During this series, we will be discussing how the gospel calls us to the world of racial justice and reconciliation. On February 6, we heard from Matt about how the gospel calls us to deal truthfully with ourselves and about how we all need to repent of the sin of racism. This guide will give you a chance to take the conversation further.
Before you start, take some time to read or review our Conversations on Racism Discussion Tips. This short guide provides some important principles for having a good discussion on a very sensitive topic.
What is one characteristic you received from your parents you want to keep and one that you wish you could change?
Share about a time when you were growing up when you felt racially discriminated against? Can you think of a time you perpetuated racial discrimination?
Read 1 Timothy 1:15-16, and answer the following questions:
- Why does Paul say this and how does it apply to your own life?
- Do you think this passage is helpful for discussions about racial justice and reconciliation? Why/why not?
Read the following quote from historian Jemar Tisby, then answer the questions.
“History and Scripture teaches us that there can be no reconciliation without repentance. There can be no repentance without confession. And there can be no confession without truth.”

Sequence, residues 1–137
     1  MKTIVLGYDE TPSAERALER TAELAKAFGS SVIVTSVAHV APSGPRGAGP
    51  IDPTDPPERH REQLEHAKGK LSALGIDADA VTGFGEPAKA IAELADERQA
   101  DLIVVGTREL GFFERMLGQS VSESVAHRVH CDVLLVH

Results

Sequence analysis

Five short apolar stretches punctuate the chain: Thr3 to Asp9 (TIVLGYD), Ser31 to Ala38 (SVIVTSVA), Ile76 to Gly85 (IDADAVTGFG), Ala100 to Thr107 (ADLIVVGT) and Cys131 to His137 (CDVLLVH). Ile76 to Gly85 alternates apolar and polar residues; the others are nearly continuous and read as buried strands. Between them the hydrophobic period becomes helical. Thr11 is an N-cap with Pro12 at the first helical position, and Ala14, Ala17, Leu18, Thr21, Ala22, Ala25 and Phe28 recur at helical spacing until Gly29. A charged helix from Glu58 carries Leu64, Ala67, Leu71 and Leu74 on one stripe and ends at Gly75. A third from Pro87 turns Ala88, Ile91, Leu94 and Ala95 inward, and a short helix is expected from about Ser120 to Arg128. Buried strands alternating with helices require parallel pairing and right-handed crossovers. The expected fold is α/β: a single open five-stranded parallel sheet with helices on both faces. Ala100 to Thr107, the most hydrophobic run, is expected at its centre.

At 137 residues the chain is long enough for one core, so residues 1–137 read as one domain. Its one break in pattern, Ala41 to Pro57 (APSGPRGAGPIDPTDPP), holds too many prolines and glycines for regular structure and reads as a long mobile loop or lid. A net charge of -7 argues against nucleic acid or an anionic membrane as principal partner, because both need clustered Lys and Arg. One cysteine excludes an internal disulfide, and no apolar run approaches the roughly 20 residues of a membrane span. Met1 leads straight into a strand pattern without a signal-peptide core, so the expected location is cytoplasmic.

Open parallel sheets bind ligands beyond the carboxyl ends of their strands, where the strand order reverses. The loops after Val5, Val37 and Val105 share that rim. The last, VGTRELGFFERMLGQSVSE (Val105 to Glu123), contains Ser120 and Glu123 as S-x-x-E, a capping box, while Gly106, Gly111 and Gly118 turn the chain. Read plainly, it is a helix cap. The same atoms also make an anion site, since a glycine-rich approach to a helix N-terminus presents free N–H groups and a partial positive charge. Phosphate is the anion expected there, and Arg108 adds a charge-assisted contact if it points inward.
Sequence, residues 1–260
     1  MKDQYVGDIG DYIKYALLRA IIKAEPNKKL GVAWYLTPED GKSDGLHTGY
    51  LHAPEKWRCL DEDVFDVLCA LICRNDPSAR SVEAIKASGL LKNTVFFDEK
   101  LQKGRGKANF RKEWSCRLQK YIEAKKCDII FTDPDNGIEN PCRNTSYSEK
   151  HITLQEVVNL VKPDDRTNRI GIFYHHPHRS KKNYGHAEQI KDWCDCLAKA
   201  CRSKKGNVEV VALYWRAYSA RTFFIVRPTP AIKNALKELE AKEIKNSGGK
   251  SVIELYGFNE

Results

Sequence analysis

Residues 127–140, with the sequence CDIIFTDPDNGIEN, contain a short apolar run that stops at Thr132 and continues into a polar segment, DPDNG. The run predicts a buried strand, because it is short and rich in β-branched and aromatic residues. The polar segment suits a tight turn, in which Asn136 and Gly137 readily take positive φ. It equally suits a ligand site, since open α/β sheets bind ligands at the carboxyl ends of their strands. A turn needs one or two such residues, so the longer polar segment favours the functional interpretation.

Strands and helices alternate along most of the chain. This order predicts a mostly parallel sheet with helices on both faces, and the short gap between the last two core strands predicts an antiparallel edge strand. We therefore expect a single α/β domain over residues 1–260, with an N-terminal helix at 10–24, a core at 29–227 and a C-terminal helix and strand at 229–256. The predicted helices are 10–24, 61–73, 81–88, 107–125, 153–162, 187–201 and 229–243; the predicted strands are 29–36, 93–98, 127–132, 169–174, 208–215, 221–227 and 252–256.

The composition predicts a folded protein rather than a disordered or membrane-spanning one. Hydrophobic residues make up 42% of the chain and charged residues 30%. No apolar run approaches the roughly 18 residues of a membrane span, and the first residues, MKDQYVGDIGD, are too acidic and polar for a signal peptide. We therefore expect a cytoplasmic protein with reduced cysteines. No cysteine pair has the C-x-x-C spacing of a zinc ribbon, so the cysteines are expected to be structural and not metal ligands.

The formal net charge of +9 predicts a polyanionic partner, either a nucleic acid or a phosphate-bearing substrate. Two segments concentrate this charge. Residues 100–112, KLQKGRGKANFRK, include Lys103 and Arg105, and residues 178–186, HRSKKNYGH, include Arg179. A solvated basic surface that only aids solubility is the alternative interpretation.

- Why is repentance necessary for racial reconciliation? Who needs to repent?
- What needs to be confessed to move towards racial reconciliation?
Read the following quote from historian and author Ibram Kendi, then answer the questions.
“Denial is the heartbeat of racism, beating across ideologies, races, and nations. It is beating within us.”
- What are people afraid to admit that they have held racist ideas?
- What truths have you denied that allowed racism to continue in your life?
What is something that you heard in the message or this conversation that has helped you understand your own role in the perpetuation of racism?
What is something that you are working to confess and repent of in this area? What are some next steps you can take to move this process forward?
- Book: Jemar Tisby, The Color of Compromise: The Truth about the American Church’s Complicity in Racism
- Book: Mark Vroegop, Weep with Me: How Lament Opens a Door for Racial Reconciliation
- Book: Ibram X. Kendi, How to Be an Antiracist
- Book: Ibram X. Kendi and Jason Reynolds, Stamped: Racism, Antiracism, and You [Oriented Towards Teens and Family Discussions]
- Book: Ibram X. Kendi and Jason Reynolds, Stamped (For Kids): Racism, Antiracism, and You [Oriented Towards Kids and Family Discussions]
- Article: Mark Vroegop, Repentance for the Sake of Racial Reconciliation
- Article: Barna Group, What Is the Church’s Role in Racial Reconciliation?